Nathan Domer, visitor experience officer with the National Trust, added that “this type of project is at the forefront of our core aims as a charitable organisation to conserve our heritage on land and on water for all to enjoy for ever, for everyone."

The tools and the original blueprint drawings in the exhibition can be viewed at Waterways Ireland HQ at 2 Sligo Road, Enniskillen weekdays from 9.30am to 5.15pm till Friday 9 November.

Published in Inland Waterways

#Sailability - Fermanagh and Omagh District Council, in partnership with Waterways Ireland, has organised an eight-week paddle sport programme commencing next Friday 4 August.

​The free programme will enable young people with a disability aged eight to 16 to receive expert coaching in a range of paddle sports such as canoeing and stand-up paddleboarding. All necessary equipment will be provided.

Sessions from Friday 4 to Friday 25 August will take place in the Fermanagh Lakeland Forum’s swimming and commence at 8.30pm, while sessions from Saturday 2 to Saturday 23 September will commence at 1.30pm and be delivered on the open water at Castle Island in Enniskillen. Each session will last for 60 minutes. 

Speaking about the programme, chair of Fermanagh and Omagh District Council, Councillor Stephen McCann, said: “The council is committed to creating more opportunities for our residents to get active so that they can enjoy the benefits of leading an active lifestyle.

“The paddle sport programme will provide water activity enthusiasts an opportunity to try different paddle sport activities through coaching and instruction from qualified coaches.”

Waterways Ireland chief executive Dawn Livingstone also spoke of her delight at partnering with Fermanagh and Omagh District Council to deliver a programme offering on the waterways activities for young people living with a disability. 

“Waterways Ireland is actively growing the numbers of people enjoying sustained recreational opportunities to engage in water-based activity,” she said. “It is hoped that through the 8 week programme, young people will discover their favourite activity, something they continue to enjoy through life.”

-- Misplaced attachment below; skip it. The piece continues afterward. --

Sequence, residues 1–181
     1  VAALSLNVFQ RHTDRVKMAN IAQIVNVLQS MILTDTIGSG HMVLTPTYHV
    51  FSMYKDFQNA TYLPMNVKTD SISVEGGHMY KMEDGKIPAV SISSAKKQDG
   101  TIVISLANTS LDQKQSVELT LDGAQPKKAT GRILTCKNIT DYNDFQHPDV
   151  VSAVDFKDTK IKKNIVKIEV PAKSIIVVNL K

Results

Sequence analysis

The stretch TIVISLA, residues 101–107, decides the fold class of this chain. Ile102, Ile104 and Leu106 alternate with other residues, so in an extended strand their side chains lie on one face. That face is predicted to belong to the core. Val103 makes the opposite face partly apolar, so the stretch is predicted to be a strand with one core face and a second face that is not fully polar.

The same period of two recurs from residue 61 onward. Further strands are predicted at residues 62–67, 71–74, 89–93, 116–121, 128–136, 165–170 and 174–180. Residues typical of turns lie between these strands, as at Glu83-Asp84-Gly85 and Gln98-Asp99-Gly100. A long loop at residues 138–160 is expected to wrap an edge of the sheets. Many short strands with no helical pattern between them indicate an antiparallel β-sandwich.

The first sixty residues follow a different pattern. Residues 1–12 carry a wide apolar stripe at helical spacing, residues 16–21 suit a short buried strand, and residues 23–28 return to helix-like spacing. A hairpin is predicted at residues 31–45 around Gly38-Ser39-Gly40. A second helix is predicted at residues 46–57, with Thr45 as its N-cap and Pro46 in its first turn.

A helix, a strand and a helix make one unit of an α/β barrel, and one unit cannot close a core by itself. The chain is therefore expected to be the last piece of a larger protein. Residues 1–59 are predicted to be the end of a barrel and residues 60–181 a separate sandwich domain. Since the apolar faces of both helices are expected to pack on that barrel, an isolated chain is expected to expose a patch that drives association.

Participation on the programme is free of charge, however places are limited and allocated on a first come, first served basis. Participants must be accompanied by a parent, guardian or carer for the duration of each session. 

To register or for further information, visit Fermanagh and Omagh District Council’s website or contact Chris Elliott at +44 300 303 1777 or [email protected].

Published in Canoeing

#HistoricBoats - The storied tradition of wooden boat building in Fermanagh is the subject of a new exhibition at Enniskillen Library from next Monday 29 June to Saturday 4 July.

Photos, anecdotes and artefacts of the era of clinker-built boats and cots before the advent of fibreglass will be on display at the library each day between 10am and 4pm.

And organisers with Lough Erne Heritage are also looking to gather information from local people, many of whom still have valuable old-school boatbuilding knowledge, that could tell us even more about those bygone days.

Stories, photographs, cine film and images of original boats and related artefacts such as hand tools and early outboard engines - if you have them, bring them along for recording in the collection.

Published in Historic Boats

#WaterfrontProperty - Two new properties on the market in Clare and Fermanagh are sure to appeal to keen anglers.

Sugarloaf on Clifden Hill in Co Clare overlooks Lake Inchiquin, described by the Irish Independent as an 'angler's paradise', and hosting a bounty of wildlife including the spectacular sea eagle.

But the picturesque spot is also a popular area for sunny-day picnics, and not only with the locals.

Sugarloaf provides a permanent picnic spot in the heart of that beautiful visa, with a detached three-bed home in 1.5 acres of gardens with panoramic views of the lake nearby and the Burren beyond.

And in spite of its privacy, with no neighbours in sight, you're just 3.5km from the village of Corofin and a swift drive further on to Ennis.

The Irish Independent has more on this property, on the market for €315,000.

North of the border, angling enthusiasts might be tempted by Amled's Fishing Lodge in Garrison, Co Fermanagh.

Within walking distance of Lough Melvin, the spacious detached five-bed home is on a secure site with high fencing, and plenty of room for boats and more in the driveway.

The wooded grounds have also been developed by the previous owner for wheelchair use, making garden maintenance easier than usual.

It's an unfinished renovation project - the upstairs is yet to be completed - but it'll be more than worth the effort to many, especially with an asking price of just £115,000 (€159,000). 4NI has more on this property.

Elsewhere, for those who just want to enjoy that seaside vibe, the Irish Independent sings the praises of Salthill in Galway.

Just a short walk from the centre of the City of the Tribes, the charming suburb maintains its own old-school seaside town atmosphere, with plenty of local social options, especially for dining.

And of course there's the renowned promenade, which hosts among others the annual An Tóstal race for Galway Hookers.